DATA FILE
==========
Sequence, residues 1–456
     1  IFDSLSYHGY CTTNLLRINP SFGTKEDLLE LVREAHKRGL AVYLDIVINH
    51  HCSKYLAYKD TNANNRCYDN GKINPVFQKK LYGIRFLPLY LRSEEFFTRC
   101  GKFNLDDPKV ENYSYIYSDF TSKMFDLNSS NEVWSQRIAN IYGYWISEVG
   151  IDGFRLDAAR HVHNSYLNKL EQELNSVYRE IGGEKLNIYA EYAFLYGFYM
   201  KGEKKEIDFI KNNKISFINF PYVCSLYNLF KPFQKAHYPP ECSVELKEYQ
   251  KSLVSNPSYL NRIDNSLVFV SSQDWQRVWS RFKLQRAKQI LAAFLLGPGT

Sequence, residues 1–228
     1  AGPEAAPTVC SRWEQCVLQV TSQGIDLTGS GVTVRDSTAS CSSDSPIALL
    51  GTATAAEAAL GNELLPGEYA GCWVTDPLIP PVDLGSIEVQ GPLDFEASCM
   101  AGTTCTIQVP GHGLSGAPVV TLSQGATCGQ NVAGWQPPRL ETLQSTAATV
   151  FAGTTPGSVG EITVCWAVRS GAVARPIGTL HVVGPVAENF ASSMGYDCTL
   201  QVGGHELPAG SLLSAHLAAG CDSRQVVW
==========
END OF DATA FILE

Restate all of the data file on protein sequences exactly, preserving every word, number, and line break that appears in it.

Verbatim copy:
Sequence, residues 1–456
     1  IFDSLSYHGY CTTNLLRINP SFGTKEDLLE LVREAHKRGL AVYLDIVINH
    51  HCSKYLAYKD TNANNRCYDN GKINPVFQKK LYGIRFLPLY LRSEEFFTRC
   101  GKFNLDDPKV ENYSYIYSDF TSKMFDLNSS NEVWSQRIAN IYGYWISEVG
   151  IDGFRLDAAR HVHNSYLNKL EQELNSVYRE IGGEKLNIYA EYAFLYGFYM
   201  KGEKKEIDFI KNNKISFINF PYVCSLYNLF KPFQKAHYPP ECSVELKEYQ
   251  KSLVSNPSYL NRIDNSLVFV SSQDWQRVWS RFKLQRAKQI LAAFLLGPGT

Sequence, residues 1–228
     1  AGPEAAPTVC SRWEQCVLQV TSQGIDLTGS GVTVRDSTAS CSSDSPIALL
    51  GTATAAEAAL GNELLPGEYA GCWVTDPLIP PVDLGSIEVQ GPLDFEASCM
   101  AGTTCTIQVP GHGLSGAPVV TLSQGATCGQ NVAGWQPPRL ETLQSTAATV
   151  FAGTTPGSVG EITVCWAVRS GAVARPIGTL HVVGPVAENF ASSMGYDCTL
   201  QVGGHELPAG SLLSAHLAAG CDSRQVVW